Taking its toll – hope on the horizon?

Two years on after the 18 day-uprising which toppled Mubarak, Morayef predicts a deterioration in human rights moving forward.

NGOs continue to document widespread abuses, including extra-judicial killings, political prisoners, torture, excessive use of force by the security forces and a rising trend of sectarian violence.

Yet no steps have been taken towards resolving these issues.

For Morayef, managing the expectations of those she is trying to help has been the toughest side of the job. Fighting for justice for the families of those killed by security forces, she cites as an example, is a long-term battle that rights groups are struggling to win.

However, the human rights community, she believes, has helped Egypt gain serious ground.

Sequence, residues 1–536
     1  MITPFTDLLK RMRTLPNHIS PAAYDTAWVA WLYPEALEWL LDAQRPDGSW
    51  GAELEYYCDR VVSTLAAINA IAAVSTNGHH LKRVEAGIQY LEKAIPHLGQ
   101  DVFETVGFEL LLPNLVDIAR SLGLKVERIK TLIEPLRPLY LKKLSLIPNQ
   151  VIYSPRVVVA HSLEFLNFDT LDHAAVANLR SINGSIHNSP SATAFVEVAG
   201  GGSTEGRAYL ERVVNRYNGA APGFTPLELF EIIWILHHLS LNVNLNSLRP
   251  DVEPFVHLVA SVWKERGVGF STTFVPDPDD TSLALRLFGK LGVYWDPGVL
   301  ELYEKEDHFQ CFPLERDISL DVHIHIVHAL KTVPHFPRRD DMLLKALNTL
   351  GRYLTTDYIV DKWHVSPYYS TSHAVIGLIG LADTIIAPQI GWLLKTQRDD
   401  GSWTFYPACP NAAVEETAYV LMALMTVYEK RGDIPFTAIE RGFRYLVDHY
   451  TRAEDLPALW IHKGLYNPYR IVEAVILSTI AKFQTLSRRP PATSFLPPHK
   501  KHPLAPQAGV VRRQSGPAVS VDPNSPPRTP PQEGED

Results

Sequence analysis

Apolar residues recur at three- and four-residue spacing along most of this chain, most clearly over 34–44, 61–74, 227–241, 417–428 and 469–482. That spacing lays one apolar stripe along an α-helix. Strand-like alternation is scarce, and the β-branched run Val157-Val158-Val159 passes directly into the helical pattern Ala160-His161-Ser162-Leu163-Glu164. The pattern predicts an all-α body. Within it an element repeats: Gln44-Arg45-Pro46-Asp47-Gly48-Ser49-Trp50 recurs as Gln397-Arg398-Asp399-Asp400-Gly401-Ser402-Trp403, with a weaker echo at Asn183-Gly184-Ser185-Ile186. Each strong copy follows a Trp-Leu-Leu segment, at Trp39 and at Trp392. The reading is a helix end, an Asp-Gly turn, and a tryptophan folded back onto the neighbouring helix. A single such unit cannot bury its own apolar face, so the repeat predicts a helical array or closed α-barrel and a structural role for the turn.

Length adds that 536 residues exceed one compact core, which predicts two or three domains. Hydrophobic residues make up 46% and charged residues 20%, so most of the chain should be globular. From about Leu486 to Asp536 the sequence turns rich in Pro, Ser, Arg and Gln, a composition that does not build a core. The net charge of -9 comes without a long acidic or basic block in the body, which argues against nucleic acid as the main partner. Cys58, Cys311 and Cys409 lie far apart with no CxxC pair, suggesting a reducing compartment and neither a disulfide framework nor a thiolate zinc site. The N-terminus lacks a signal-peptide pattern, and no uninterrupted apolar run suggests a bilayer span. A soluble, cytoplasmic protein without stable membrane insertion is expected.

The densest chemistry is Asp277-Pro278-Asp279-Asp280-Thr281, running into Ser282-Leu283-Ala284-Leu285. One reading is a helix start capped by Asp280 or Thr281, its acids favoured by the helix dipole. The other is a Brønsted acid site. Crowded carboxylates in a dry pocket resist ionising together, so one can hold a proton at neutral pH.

The combined effort of rights groups and revolutionary campaigns like No Military Trials for Civilians in documenting and publicising military abuses, she believes, contributed to a shift from military to civilian rule.

There are tentative signs of change on the horizon.

“I don’t think there are any guarantees against a return to authoritarianism,” Morayef concludes, “but ultimately people are no longer afraid. I think that is out best guarantee of continued mobilisation for social justice.”

Police brutality in Egypt on rise

Click for Video: President Mohamed Morsi struggles to calm street violence engulfing Egypt. But as his supporters and opponents clash, rights groups report a rise in police abuse resulting in the abuse of minors.
Click for Video: President Mohamed Morsi struggles to calm street violence engulfing Egypt. But as his supporters and opponents clash, rights groups report a rise in police abuse resulting in the abuse of minors.